That’s a shared story. The guy seems to be universally liked. He’s genuinely a good guy.

  • ArrowFan

    My only problem is the way our past coaches would try and run the guy right up the gut over and over again.

    • Stacy D. Smith

      He was used in curious ways. That’s for sure. Remember when Vermeil’s staff finally figured out what to do with Priest? Made all the difference in the world. McCluster is no Priest Holmes, but he can be much more valuable if used properly.

    • jimfromkcj

      He was run up the gut because he doesn’t have Jamal’s speed to get outside. And he doesn’t do all that well doing it because he doesn’t have the ability to use his quickness in confined spaces to make tacklers miss. His only chance for makina play is to get the ball in open space where he has room to make people miss. I doubt he will ever do much as he will always be playing with injuries that will slow him even more.

      • Stacy D. Smith

        The knock on McCluster’s speed almost universally comes from the 40 he ran at the Combine (4.58). People tend to forget he stumbled. When he ran again at the Ole Miss Pro Day, he ran a 4.4. McCluster has plenty of speed to get outside.

        There’s more to being a playmaker than being elusive. He’s dangerous in space. He isn’t going to break many tackles at just 170 pounds and he probably won’t break any ankles either. Neither of those things mean he can’t help an offense in a significant way.

        • ArrowFan

          So he should never never never be running the ball between the tackles. Unless it is some king of shovel pass or screen.

          • Stacy D. Smith

            Depends on the offensive set. Probably not from traditional run formations, but perhaps he could run a few draw plays (from passing sets) here and there?

  • Calchiefsfan

    Dex is a playmaker which is why he was drafted. The Chiefs didn’t have much in the way of playmakers that year. His return against San Diego on MNF was supposed to be a regular occurance for him. Unfortunately we didn’t have a QB and an OC or even a decent special teams coach to take advantage of Dex’s strengths. I’m hoping this year we will finally get to see the best of Dex.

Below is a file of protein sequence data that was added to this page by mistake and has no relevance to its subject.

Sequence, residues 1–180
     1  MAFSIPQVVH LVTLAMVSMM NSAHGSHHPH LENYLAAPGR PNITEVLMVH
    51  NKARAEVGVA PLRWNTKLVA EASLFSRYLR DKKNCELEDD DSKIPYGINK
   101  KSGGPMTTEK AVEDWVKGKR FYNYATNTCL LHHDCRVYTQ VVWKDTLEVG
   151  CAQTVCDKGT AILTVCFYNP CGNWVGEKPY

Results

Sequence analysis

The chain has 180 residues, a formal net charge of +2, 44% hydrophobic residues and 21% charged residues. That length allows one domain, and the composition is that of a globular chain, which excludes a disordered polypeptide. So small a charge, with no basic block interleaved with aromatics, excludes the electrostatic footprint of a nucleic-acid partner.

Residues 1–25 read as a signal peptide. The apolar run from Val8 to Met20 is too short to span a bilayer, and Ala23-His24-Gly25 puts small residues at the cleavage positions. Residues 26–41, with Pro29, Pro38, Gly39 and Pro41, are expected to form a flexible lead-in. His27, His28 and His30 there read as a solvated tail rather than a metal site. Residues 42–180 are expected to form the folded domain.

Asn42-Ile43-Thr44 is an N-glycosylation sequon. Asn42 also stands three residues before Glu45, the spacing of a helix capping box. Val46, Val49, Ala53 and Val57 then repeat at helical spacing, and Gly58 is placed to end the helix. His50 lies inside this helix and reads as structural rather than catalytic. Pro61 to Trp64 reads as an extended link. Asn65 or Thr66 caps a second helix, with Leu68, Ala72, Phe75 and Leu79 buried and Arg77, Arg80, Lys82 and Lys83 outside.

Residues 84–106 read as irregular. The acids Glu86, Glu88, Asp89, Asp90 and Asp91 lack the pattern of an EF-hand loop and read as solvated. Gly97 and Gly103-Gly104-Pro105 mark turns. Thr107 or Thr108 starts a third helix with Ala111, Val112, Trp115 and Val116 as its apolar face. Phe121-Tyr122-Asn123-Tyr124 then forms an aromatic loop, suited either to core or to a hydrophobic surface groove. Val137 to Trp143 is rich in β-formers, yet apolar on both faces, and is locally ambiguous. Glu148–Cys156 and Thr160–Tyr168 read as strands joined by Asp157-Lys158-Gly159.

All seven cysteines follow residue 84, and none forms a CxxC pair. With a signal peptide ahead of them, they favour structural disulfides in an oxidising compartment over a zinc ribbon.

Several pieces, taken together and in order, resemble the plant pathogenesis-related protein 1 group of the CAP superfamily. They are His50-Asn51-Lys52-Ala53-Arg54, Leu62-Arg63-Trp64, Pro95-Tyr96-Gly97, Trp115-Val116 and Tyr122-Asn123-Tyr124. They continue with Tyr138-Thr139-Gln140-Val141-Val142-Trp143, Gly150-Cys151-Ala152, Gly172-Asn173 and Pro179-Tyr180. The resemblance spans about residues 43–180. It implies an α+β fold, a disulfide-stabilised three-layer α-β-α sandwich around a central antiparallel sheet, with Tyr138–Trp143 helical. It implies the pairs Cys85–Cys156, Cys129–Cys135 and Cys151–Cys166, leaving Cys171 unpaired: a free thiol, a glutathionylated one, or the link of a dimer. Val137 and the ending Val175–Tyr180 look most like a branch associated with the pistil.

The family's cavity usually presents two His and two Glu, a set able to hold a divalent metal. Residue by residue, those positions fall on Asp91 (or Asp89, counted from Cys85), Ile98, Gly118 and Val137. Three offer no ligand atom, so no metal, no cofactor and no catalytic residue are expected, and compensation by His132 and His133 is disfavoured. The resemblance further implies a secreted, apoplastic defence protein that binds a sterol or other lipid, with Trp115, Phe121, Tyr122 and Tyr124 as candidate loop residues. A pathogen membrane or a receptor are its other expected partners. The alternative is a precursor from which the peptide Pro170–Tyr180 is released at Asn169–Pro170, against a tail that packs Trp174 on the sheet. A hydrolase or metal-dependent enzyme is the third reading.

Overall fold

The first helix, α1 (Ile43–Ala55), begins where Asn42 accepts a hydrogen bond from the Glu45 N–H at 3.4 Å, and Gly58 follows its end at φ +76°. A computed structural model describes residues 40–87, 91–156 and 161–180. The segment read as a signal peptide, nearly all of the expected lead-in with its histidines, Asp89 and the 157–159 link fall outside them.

• sidibeke

    The key to that bit is “hit him in stride.” He hasn’t had a QB who could hit him in stride, with any consistency anyway. Let’s hope AS can and see what the little guy can do. I predict a solid year for him; not Pro Bowl, because JC will get a lot of yards, but a solid year.

  • Kyle Jackson

    I personally love Dex. Sure he hasn’t shown much flash, but he has more heart, and is willing to do anything for this organization. Think of how many time that 5’8″ 170lbs body was sent over the middle and had to jump for a lobbed horrid high pass from Cassel, and catch it knowing he was going to get nailed before his feet would touch the ground.

  • Samuel Fleming

    I watched Dexter at Ole Miss for four years. He has great quickness and speed in the open field. He may not be tall in stature but he has the heart of a lion. He has a tremendous attitude and is a hard worker. I have followed him with Kansas City and the problem he has had there is that their coaches didn’t have sense enough to figure out how to use him. The first time I saw him as a Kansas City Chief was in a televised game returning a punt. It was pouring down rain and in spite of this, he made a move that left a veteran flat on his face and the next thing you saw was Dexter at the other end of the field in the end zone. He’s the kind of guy you want on your team and a great role model for kids. Lord knows they need a good role model given all the rich spoiled “superstars” we read about in the news almost daily who have killed someone, beat up their girlfriend, killed someone in a car accident while under the influence, etc. Need I say more? Give the guy a chance and Kansas City fans will have something to cheer about again.